If you are going to do anything yourself, you should be familiar with BLAST (the best bioinformatic software ever made)
There’s the website for searching the general database:

…and the stand-alone package (BLAST+) which will be useful for looking at any new sequences we have:

Finally, useful GUI software for genome analysis:



Biologists, please learn to use the command line

The other day, a young microbiologist and I were discussing the skill-set that was necessary for him to do his research. He indicated that he didn’t expect to ever need any software that had to be called from the command line (of course, he didn’t know the term “command line”). I quickly laid that idea to rest.

This attitude is common, yet frustrating. The computer is a central tool in modern biology, yet many biologists are happy to have only the most superficial familiarity with it. They act as though everything they need will be provided in a neat (and affordable) little software package with an intuitive graphical user interface (GUI). They won’t. GUI’s almost always cripple the underlying analytical software, and they introduce a whole new layer of bugs and complexity. They are often harder to describe than simple command-line interfaces, and are less standardized. All that time a biologist spends learning the ins and outs of some arbitrary GUI for a single commodity analysis could be spent learning standard command-line interfaces that are used by the most powerful and cutting-edge (and often free) software out there.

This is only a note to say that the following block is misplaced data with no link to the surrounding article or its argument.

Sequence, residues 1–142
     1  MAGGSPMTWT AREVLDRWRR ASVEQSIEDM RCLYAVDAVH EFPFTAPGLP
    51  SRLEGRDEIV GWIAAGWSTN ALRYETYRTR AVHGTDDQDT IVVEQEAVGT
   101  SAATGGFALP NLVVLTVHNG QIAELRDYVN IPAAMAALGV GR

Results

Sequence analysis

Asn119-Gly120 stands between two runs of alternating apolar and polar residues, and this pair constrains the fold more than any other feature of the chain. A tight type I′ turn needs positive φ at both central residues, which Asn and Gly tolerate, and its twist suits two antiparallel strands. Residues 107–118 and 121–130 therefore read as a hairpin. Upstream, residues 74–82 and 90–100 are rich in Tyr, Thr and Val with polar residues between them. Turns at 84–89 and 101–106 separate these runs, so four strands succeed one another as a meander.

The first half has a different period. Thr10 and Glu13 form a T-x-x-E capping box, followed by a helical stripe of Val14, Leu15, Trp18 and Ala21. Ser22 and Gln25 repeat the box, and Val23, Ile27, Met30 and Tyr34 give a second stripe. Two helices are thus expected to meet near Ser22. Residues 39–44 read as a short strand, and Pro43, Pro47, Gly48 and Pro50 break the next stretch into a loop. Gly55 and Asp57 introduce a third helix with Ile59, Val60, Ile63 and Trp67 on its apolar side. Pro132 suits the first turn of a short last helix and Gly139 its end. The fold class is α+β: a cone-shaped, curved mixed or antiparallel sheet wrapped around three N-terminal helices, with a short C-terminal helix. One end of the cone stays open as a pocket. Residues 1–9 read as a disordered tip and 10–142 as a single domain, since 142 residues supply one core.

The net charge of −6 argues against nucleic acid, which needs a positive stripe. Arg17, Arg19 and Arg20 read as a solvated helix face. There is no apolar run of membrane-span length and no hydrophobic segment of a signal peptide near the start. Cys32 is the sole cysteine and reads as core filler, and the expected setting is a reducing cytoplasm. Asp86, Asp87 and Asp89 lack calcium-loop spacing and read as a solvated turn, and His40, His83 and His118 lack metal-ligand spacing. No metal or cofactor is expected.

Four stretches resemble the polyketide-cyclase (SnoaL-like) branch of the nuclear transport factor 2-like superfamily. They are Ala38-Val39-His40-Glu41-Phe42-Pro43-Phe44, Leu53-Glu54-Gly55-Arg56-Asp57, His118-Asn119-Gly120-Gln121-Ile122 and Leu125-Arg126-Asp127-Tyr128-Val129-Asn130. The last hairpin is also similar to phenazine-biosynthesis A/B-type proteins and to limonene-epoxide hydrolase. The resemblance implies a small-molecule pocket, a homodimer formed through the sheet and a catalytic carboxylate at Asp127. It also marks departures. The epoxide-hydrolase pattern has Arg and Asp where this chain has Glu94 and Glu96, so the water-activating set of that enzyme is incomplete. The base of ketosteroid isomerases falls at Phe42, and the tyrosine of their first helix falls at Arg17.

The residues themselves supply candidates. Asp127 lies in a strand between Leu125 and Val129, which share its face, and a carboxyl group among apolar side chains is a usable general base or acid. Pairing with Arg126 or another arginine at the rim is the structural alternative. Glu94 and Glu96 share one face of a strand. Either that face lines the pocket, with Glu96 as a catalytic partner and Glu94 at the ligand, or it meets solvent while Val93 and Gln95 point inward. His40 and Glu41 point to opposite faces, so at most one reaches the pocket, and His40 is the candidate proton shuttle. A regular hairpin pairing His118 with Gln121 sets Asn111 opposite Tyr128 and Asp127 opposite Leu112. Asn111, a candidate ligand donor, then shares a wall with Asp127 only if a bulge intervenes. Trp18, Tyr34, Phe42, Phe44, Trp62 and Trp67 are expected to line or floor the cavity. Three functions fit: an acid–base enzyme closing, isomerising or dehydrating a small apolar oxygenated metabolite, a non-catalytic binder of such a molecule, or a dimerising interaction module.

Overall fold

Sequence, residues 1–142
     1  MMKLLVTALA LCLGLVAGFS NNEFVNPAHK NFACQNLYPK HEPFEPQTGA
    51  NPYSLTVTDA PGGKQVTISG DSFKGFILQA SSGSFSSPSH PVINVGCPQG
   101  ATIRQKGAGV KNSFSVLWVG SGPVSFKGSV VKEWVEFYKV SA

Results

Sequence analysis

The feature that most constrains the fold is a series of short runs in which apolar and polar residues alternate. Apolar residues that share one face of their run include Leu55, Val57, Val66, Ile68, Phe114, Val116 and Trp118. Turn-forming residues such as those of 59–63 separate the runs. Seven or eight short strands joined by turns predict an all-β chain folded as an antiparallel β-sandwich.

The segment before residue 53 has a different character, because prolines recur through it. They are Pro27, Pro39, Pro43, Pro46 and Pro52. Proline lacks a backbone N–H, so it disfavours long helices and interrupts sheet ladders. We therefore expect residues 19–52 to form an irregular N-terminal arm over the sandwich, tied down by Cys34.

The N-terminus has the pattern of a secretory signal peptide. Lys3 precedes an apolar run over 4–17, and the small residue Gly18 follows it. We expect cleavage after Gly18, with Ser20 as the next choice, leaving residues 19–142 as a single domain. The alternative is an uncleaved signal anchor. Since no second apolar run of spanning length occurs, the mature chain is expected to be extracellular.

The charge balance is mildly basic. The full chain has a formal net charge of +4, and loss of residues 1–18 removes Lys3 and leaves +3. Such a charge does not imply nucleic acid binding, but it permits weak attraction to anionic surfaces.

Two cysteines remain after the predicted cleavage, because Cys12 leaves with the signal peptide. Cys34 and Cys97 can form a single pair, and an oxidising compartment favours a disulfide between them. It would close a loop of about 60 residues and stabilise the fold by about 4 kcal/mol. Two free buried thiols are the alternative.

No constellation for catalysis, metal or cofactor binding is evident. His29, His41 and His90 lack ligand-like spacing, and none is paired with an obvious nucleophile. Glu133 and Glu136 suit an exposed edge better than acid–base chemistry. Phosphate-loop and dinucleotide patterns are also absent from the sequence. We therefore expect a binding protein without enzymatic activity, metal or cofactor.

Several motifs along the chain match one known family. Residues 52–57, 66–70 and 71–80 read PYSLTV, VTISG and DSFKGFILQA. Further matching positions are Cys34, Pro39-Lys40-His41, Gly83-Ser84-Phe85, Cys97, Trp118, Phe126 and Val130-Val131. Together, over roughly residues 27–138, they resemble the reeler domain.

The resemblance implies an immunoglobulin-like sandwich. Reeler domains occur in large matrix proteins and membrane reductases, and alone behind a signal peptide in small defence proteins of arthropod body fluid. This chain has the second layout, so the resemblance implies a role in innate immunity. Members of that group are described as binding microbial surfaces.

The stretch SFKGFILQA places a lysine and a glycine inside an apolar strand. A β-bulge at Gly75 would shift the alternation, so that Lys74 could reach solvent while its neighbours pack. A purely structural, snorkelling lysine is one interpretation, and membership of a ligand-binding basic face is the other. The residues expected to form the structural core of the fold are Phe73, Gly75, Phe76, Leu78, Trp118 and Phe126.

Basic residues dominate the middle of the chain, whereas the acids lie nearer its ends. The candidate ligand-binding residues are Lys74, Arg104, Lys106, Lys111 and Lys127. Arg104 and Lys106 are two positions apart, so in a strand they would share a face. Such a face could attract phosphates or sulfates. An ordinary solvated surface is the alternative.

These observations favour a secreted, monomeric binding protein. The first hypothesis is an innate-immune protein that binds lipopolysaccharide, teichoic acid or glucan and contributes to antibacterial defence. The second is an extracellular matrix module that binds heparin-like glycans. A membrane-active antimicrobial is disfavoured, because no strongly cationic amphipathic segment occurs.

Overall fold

So here’s my plea (and advice) to biologists. Learn to use the command line.  I’m not saying that you should learn to program*. Just the command line.

How to use the command line